PDLI

PDL BioPharma, Inc. (PDLI)

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PDL BioPharma Inc. (PDLI)

UBS Global Life Sciences Conference

September 19, 2012 02:00 pm ET

Executives

John McLaughlin - President and Chief Executive Officer

Analysts

Presentation

Unidentified Analyst

Good afternoon and thank you for thank you for coming to the 2012 UBS Global Life Sciences Conference. My name is, (Inaudible), and I am happy to be your host for the session. Our next presenters will be John McLaughlin, President and CEO, and Bruce Tomlinson, Vice President and CFO of PDL BioPharma. A breakout session in Carnegie will follow immediately after the presentation. Thank you.

John McLaughlin

Thank you very much, and welcome to PDL's presentation. This afternoon, I will be making some forward-looking statements. For additional information about the risks and uncertainties associated with those statements, please see our most recent filings with the Securities and Exchange Commission.

We think that PDL represents a unique and attractive opportunity among public healthcare companies and a rare and equally attractive opportunity among all publicly traded companies. Some of the reasons are depicted on this slide. You'll notice with less than 10 employees, we don't do any research, development, commercialization or manufacturing. We do have substantial royalty income as you can see the 2011 revenues were in excess of $350 million. Because we are such a small staff, expenses are quite low. You can see that we are profitable.

Perhaps one of the most important distinguishing characteristics is discussed on the next couple of lines though. Since 2009, we have been paying dividends. We established our dividend policy year in advance. You can see for 2012, we pay $0.15 per quarter, per share for total of $0.60 per share, and as well as you could specific the record dates. We have been accumulating cash. We are at about $230 million, and I'll talk more about our tender uses of that cash.

For institutional investors, perhaps the last line is as important as any of the lines. We have significant daily volume. We have a number of large shareholders, who have entered the stock, taken positions in the low tens of millions of shares and been able to enter in ayes of the stock without disturbing the price, so if you made money came in on Tuesday, and you made money by Thursday and you left. As long as you made money, we are happy to see you go, and hope that you will come back someday.

To talk for a second about the underlying technology, it's the humanization of antibodies, and this is the basis for our patents which generate the revenues and license agreements. We all develop antibodies when exposed, for example, to bacteria. If you get a cut, you develop naturally an antibody. In the 80s, a scientist hypothesized, that it might be possible to develop antibodies in non-human systems, and starting for example sites found predominantly on cancer cells.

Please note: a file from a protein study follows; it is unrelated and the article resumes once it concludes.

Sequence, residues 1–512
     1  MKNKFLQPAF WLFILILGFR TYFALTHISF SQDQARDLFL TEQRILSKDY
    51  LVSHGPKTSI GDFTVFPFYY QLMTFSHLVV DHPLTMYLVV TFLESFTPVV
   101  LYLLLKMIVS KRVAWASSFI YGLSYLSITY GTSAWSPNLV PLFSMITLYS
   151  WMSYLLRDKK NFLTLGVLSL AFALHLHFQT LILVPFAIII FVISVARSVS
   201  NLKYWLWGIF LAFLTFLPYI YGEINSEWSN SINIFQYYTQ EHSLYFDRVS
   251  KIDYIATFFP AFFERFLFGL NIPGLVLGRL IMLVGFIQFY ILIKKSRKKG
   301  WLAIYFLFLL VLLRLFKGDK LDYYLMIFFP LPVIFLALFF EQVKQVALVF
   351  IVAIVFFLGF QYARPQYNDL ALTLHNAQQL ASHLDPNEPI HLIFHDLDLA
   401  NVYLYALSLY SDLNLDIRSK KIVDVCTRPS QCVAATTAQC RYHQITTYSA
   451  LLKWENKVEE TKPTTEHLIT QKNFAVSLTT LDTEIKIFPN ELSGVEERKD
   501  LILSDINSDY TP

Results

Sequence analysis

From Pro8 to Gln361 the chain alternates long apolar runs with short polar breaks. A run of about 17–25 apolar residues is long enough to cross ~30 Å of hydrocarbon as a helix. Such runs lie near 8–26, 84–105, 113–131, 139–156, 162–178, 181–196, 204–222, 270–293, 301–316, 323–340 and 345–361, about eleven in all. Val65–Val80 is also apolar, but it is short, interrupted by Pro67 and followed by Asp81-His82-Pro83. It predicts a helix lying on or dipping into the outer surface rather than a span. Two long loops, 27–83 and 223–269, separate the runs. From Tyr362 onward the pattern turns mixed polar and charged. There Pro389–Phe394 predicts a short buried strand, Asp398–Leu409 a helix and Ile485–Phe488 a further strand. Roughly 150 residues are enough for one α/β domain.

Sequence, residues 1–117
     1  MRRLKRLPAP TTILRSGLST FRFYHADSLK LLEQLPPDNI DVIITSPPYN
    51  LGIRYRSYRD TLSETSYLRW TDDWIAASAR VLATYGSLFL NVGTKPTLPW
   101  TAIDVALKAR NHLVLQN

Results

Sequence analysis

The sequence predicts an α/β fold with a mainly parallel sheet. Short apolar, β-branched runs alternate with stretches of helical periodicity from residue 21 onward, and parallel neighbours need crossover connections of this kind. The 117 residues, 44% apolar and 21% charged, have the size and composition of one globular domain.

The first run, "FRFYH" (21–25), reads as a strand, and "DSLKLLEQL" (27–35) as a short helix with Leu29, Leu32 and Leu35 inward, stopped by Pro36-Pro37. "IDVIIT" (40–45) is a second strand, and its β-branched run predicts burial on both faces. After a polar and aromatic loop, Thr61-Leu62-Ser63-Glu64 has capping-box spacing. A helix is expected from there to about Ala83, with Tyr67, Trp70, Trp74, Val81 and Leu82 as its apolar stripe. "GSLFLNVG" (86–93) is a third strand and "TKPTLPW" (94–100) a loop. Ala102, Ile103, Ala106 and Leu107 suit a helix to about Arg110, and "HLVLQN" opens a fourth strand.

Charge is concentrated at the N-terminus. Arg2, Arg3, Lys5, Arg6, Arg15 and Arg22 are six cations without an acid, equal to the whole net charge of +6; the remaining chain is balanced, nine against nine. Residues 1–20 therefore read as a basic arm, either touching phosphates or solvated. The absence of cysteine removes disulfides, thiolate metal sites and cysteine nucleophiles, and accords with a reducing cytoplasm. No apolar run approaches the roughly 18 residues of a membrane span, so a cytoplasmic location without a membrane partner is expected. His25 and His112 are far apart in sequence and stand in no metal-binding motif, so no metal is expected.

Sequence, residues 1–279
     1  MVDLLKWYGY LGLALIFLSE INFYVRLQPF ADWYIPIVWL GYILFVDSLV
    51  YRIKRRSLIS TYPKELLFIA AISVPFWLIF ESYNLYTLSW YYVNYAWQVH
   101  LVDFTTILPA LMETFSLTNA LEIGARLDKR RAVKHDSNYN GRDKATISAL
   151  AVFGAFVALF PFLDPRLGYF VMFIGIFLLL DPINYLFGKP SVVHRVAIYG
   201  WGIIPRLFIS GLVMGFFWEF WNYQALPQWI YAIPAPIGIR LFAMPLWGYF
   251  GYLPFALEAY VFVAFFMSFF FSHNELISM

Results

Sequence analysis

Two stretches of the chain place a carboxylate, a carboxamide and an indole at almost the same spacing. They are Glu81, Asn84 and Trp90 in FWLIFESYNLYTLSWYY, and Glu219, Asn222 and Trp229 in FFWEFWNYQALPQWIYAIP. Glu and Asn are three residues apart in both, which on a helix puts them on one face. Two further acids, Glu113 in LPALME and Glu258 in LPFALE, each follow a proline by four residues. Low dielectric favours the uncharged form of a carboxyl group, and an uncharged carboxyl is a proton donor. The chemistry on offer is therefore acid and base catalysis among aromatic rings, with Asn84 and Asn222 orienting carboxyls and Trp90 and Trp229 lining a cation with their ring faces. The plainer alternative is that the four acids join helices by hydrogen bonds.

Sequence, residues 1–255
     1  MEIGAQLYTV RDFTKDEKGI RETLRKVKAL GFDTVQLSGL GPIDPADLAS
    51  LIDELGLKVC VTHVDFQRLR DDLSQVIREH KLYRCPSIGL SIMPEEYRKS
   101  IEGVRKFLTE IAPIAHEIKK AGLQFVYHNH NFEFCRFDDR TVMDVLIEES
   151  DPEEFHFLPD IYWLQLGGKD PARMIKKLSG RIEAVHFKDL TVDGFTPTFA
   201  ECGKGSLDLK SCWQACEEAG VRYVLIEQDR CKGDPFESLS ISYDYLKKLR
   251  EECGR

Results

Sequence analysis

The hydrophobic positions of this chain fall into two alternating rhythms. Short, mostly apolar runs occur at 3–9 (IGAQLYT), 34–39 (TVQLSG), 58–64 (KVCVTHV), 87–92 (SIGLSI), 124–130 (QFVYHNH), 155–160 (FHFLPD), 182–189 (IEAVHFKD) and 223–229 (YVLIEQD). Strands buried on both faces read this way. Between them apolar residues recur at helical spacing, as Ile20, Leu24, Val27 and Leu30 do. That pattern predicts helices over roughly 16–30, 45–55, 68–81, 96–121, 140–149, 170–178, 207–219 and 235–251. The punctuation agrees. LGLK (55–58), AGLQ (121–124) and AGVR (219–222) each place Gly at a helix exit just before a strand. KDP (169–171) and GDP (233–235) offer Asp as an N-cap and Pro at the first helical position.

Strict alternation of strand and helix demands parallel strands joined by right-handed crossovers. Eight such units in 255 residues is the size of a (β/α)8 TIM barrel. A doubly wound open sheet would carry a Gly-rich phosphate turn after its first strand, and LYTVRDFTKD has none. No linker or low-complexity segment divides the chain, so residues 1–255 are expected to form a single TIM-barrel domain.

One of the favorite systems to develop those antibodies were MICE, murine-derived antibodies. In issue with using murine-derived antibodies, particularly with frequent dosing in human beings is they are sometimes recognized as a foreign substance and the body begins to reject them before they can accomplish their therapeutic goals.

The advantages of the PDL technology are, it allows you take off the important regions from a mouse-derived antibody and graph them onto a human framework, and the important regions really focus on two particular characteristics, so it's binding and specificity.

Specificity means it only binds to what you want it to bind to, and one of the beauties of murine-derived antibodies is you can make them very specific. One of the difficulties with some of the other technologies, when you carry those over onto human frameworks, some of that specificity is lost, so you only want it to target the particular side that you are aiming at.

The other thing is it's affinity that is how tightly does it bind and the other positive attribute of the PDL technology is it maintains both, the binding and specificity seen on the murine-derived antibodies. As you can see in the bottom line, it's a very widely adopted technology. Annual sales are in excess of $17 billion a year and growing rapidly.

Our mission statement is quite simple here. We focus on the technology, the license agreements and optimizing return for our shareholders. One of the things we've embarked upon recently is looking for new revenue generating assets. Our patents expire and I'll talk about that in the second, but a common question from our shareholders is, okay, I like the dividend, I like the fact that you could declare quarterly. It's a regular dividend a year in advance, but if at some point that dividend is going to end, what are things you can do to continue to pay dividends, and part of the exercise that we have been underway for now about 12 months is to seek out new revenue generating assets. They could be royalty generating assets, they could be loan based on commercial stage products, but a key element of this is, they are commercial-stage products. We are agnostic as to therapeutic area. What we deem to be highly important though, is it has to have a differentiated product profile. We are not interested in five players in a marketing game, whereas TV ads next year can blow your market share out of the water. We are looking for something, where it could be first line, it could be second line, but it needs to be differentiated such that we know it's going to be there for a while.

Read the rest of this transcript for free on seekingalpha.com